A Knoxville company has filed a complaint against Nashville-based Randa Solutions and its owner Martin Reed, accusing them of violating a non-compete agreement and asking for more than $100 million in damages.
The suit by Business Information Group was originally filed in a Knoxville court and was moved last week to Davidson County Chancery Court.
While the dollar amount is high, the claim is fairly simple. At issue in the case are high-dollar state information technology contracts — specifically, the deal to manage a database for the State of Tennessee’s standardized testing programs.
Business Information is now managing that database. According to its lawsuit, Randa Solutions is contracted with the Knoxville company and subject to a non-compete.
The complaint alleges that Reed bid on a recent state contract for which Business Information was also in the mix. According to Business Information, Randa possessed “proprietary and confidential information of [Business Information], lending them an unfair competitive advantage in the bidding process.”
Randa was awarded the contract in question, but Business Information wants an injunction preventing the Nashville company from entering into, negotiating or otherwise executing any contract with the State of Tennessee. It also is asking for punitive damages of $110 million in addition to actual damages decided by trial.
The suit was filed by Knoxville attorney Keith D. Stewart.
Another notable suit filed last week involves a favorite bit of ’80s nostalgia — Sea-Monkeys.
Local toy company Big Time Toys has filed a lawsuit in Davidson County Chancery Court against California resident George Atamian, claiming he attempted to sour the company’s agreement to make and sell everyone’s favorite brine shrimp product.
According to the complaint, Transcience Corp., which owns the methods for producing Sea-Monkeys, had a licensing agreement with California-based Educational Insights Inc. to make and sell Sea-Monkeys.
Educational Insights’ deal was set to expire at the close of 2007 and Nashville’s Big Time was eager to take over. Big Time claims that, as part of the pending deal, it was encouraged to hire Atamian, at the time an employee of EI. Big Time agreed and said it would pay Atamian $140,000 a year.
But, according to Big Time, the arrangement began to sour toward the end of 2007 as Atamian demanded his compensation be hiked to some four times that amount. Big Time, allegedly seeking to compromise, offered $150,000, which Atamian rejected.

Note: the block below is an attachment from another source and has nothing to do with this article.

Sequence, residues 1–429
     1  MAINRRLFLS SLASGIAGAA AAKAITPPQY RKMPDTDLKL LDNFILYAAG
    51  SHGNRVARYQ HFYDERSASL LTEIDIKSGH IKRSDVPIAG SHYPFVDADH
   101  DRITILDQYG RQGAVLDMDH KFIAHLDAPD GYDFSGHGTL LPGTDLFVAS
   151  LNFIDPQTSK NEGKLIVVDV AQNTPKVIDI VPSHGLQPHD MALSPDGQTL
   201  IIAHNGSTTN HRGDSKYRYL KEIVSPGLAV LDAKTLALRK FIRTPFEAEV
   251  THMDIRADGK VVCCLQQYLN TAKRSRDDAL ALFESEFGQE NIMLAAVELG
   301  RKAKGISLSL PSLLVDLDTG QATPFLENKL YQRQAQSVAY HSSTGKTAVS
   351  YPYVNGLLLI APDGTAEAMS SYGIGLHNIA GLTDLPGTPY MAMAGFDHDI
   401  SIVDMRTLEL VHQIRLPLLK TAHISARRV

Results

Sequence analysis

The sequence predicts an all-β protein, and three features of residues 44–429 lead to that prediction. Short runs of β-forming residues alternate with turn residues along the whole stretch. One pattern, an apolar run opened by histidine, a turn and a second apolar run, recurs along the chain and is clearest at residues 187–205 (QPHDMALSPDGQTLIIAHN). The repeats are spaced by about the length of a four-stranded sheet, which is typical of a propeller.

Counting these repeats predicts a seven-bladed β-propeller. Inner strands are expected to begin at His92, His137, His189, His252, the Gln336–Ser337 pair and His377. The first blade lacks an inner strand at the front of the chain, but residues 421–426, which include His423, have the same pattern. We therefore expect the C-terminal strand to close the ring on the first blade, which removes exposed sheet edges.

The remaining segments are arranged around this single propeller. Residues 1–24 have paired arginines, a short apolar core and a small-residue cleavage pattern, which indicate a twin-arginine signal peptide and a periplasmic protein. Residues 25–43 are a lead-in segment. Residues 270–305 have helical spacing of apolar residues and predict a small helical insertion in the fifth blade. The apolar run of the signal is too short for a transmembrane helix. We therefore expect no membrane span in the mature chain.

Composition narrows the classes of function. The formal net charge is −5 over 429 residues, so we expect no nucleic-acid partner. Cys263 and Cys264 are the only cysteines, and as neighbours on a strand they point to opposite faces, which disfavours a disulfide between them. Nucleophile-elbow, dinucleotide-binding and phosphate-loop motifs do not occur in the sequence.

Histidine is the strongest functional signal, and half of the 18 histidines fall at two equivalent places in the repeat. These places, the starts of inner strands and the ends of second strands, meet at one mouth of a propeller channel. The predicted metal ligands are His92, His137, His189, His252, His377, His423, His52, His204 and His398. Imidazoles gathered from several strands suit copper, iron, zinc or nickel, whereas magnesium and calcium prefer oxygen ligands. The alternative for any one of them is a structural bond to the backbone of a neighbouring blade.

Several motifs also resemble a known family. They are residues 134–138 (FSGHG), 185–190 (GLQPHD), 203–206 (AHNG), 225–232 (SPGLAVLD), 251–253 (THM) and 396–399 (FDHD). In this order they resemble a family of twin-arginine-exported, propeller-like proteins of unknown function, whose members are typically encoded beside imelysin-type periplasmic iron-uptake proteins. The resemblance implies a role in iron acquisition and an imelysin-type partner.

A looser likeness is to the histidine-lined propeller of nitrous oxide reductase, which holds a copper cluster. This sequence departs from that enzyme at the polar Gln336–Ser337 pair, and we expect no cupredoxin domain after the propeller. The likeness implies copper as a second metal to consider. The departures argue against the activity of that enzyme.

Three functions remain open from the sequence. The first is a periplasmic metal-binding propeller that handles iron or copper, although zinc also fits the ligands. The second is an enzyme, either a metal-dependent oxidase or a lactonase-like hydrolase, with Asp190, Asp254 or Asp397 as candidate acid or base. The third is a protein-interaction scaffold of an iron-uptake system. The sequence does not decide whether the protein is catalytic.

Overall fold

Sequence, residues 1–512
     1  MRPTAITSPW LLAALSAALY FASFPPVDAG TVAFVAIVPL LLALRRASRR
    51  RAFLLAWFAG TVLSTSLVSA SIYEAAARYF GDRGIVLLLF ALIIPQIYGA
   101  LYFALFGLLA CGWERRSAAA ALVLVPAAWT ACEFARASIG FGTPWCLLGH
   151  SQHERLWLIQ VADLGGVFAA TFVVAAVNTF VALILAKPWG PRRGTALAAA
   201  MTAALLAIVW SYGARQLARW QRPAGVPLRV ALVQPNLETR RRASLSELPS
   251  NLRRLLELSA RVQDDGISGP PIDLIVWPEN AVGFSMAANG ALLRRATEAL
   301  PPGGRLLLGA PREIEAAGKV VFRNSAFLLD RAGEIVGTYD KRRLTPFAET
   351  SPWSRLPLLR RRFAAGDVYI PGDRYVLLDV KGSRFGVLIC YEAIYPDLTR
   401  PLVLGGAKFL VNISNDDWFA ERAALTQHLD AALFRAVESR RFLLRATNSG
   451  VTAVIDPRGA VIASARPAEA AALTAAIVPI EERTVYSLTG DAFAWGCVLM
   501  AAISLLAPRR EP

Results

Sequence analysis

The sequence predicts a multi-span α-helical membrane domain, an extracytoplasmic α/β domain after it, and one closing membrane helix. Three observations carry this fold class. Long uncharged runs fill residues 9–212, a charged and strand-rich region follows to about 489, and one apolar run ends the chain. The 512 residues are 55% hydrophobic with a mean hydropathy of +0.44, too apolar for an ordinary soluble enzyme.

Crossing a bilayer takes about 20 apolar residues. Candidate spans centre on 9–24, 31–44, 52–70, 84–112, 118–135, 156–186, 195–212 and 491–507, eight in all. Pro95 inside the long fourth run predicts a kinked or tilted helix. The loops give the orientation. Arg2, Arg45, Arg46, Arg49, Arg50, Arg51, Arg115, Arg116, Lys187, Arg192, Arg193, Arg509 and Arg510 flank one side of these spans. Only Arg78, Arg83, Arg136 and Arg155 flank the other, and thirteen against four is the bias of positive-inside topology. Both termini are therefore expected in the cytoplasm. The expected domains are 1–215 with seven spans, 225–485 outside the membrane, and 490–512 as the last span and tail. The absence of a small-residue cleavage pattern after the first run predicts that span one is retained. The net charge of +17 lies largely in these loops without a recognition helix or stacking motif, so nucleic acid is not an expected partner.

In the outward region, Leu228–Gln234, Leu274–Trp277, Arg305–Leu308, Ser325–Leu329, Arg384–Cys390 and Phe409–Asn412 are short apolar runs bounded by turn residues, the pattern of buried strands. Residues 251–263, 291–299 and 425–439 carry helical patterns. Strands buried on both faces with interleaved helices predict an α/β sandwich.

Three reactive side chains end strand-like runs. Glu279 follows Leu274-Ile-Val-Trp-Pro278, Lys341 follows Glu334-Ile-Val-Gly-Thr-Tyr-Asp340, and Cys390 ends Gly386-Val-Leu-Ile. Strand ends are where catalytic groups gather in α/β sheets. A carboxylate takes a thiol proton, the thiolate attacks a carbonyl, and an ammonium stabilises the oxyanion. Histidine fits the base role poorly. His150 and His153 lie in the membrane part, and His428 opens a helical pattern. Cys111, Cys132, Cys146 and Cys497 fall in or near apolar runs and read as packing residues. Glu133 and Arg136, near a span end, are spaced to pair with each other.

Big Time claims Atamian then sought to retaliate by attempting to sour the company’s relationship with Transcience Corp. and “frustrate BTT’s attempts to market and sell Sea-Monkey’s products unless and until BTT hired Atamian.”
Sea-Monkey orders fell behind schedule and eventually Big Time received a letter from Transcience CEO Yolanda von Braunhut, saying all its orders would remain on hold. It also said Transcience would not cash a check sent by Big Time for the component parts for the company’s first order until it was assured that Atamian was joining Big Time.
Due to the continued delays since signing the Transcience deal — now about one year — Big Time claims it has missed out on at least $2.5 million. Filing its lawsuit are Salvador Hernandez and Russell Taber, both of Riley Warnock & Jacobson.
Other recent cases of note:
Davidson County Circuit Court
• Scott Michael Sanders v. The Cadillac Ranch, Sky Lounge, et al. Sanders has filed suit in circuit court claiming that as he sat at the bar, two bouncers from the bar approached him and, following an argument over fallen glasses, punched him “to the floor,” dragged him down the stairs, and heaved him on the pavement. As a result of his injuries, Sanders had to be placed on a stretcher and taken to the hospital. The lawsuit filed by Radford H. Dimmick seeks unspecified damages.
Davidson County Chancery Court
• David E. Danner esq. v. Nancy S. Jones, chief disciplinary counsel, Board of Professional Responsibility of the Tennessee Supreme Court.
A case of lawyers lawyerin’. Attorney David Danner claims the BPR improperly disciplined him for “admonishing a client via an email to be truthful in litigation which is required by the rules of legal ethics.” The petition for judicial review asks that the agency reverse its decision to issue a “private informal admonition.”
Providence Crossing LLC v. Crews Investment Properties of Tennessee LP, Crews Crossings LLC and Mike Slatterly.
• In 2004, Arkansas-based Providence Group contracted to buy 25 acres in Antioch for $1.4 million with plans to develop low-income housing. According to the complaint, Crews Investment Properties promised to build the access road.
Now, after a couple years and much ado, Providence now claims “Crews never had any intention of constructing the road.” Further, the company claims Slatterly was hoping to buy the property when the development failed due to the lack of access.
The lawsuit filed by Gregory H. Oakley of Soper & Oakley asks for a judgment of $15 million against Crews, along with compensatory damages of $15 millions and punitive damages of $45 million.